New modes still needed to be introduced in order to provide an equal treatment of the positions within the other scale-forms that were being used in the art throughout history, namely: the Medlodic Minor Scale and the Harmonic Minor Scale.

With the Melodic Minor Scale, we may mention the fact that, by definition, this scale is also a Diatonic Scale, since it contains only whole steps (where a chromatic note is skipped) and half steps (where a chromatic note is not skipped). That is why the Major and Natural Minor Scales are specifically said to reside in the 'Primary' Diatonic Scale.

Figure 1.5 : A Melodic Minor

The Melodic Minor Scale (above) and the Harmonic Minor Scale (below) are both common enough in the art as to have been respected by 'Classical Harmony Theory'; meanwhile, their modes historically have not been given an equal amount of credit as have those of the primary diatonic scale. A portion of their modes have been found to be quite useful in various more contemporary genres; so some of their modes have been given names that are known and used in the art. However, since such names may lack substantial historical integrity, there is an inherent potential that such modes may have more than one name in the art; meanwhile, some of these modes are not yet carefully named.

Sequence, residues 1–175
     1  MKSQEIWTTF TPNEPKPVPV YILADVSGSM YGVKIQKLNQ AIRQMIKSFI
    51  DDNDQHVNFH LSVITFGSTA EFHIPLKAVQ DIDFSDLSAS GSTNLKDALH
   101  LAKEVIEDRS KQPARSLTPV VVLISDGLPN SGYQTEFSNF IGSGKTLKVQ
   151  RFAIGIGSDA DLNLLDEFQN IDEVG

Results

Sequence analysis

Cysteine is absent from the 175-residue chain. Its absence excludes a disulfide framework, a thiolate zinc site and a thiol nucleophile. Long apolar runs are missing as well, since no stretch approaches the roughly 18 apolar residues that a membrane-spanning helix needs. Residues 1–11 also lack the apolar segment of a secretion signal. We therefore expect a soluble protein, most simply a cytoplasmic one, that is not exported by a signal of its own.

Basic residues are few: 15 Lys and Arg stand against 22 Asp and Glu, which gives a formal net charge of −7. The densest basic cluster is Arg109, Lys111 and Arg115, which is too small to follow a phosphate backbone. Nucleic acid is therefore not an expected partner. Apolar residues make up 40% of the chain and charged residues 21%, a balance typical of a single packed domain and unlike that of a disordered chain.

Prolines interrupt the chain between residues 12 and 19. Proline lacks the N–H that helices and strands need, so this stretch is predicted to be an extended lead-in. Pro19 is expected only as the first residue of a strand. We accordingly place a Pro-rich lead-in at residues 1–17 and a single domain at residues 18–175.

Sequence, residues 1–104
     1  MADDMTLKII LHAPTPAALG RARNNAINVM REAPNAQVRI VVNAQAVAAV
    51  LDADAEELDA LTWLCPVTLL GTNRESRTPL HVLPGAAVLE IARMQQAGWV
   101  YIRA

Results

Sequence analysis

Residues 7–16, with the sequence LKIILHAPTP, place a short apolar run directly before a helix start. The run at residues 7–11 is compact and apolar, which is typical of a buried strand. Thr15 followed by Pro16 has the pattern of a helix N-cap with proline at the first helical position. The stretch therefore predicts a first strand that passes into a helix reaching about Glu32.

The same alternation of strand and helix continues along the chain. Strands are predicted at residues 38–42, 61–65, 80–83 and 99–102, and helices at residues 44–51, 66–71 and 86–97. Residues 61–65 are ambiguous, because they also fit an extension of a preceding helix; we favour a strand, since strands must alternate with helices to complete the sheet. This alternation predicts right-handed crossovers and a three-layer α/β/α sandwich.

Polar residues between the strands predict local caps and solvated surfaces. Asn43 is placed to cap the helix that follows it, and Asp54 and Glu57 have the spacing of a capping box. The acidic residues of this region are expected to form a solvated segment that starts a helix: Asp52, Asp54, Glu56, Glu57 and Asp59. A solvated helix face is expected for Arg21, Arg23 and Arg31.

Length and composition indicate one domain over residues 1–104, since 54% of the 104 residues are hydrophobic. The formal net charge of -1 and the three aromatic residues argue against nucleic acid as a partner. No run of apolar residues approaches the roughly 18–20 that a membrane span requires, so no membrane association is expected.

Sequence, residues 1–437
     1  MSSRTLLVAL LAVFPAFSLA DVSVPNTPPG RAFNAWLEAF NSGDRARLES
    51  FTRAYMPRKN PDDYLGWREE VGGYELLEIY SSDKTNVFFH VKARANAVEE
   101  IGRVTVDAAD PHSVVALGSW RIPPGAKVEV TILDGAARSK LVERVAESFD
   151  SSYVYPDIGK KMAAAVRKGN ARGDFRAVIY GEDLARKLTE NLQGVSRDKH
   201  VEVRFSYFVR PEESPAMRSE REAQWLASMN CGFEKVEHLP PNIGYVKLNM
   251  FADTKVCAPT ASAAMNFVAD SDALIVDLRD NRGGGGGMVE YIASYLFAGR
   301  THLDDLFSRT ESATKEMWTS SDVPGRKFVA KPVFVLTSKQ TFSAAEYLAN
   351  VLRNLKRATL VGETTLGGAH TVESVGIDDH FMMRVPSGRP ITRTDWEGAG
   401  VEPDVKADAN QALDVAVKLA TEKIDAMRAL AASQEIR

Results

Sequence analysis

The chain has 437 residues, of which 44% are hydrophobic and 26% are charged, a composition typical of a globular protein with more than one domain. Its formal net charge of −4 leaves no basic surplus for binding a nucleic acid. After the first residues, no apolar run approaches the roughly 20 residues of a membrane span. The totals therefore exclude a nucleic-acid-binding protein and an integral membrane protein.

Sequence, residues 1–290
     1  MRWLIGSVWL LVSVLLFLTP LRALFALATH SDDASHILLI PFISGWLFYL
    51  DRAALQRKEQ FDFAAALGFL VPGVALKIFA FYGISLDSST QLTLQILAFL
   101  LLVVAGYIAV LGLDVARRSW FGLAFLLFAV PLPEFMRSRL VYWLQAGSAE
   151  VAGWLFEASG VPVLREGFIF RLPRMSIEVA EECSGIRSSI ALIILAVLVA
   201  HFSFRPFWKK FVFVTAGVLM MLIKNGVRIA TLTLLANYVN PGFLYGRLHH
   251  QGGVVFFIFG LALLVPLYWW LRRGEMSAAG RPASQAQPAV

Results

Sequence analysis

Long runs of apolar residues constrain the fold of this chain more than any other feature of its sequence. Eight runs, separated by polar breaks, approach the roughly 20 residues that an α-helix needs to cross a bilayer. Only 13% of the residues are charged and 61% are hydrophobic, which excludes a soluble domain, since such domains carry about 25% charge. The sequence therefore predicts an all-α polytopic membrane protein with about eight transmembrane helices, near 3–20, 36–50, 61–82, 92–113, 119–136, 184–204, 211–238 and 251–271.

Figure 1.6 : A Harmonic Minor

It is apparent that the scale-forms that possess these two popular scales, are different in form than the primary diatonic scale-form; meanwhile, these scales technically have modal relatives and could likewise be expanded into Spectrums. Once the common traits between all three of these spectrums could be determined and be applied as 'regiments' towards the discovery of other useful spectrums, many other modal scales that are either unknown, unnamed, or unaccredited in the art would become equally qualified for involvement in the system and the map.


The Modary

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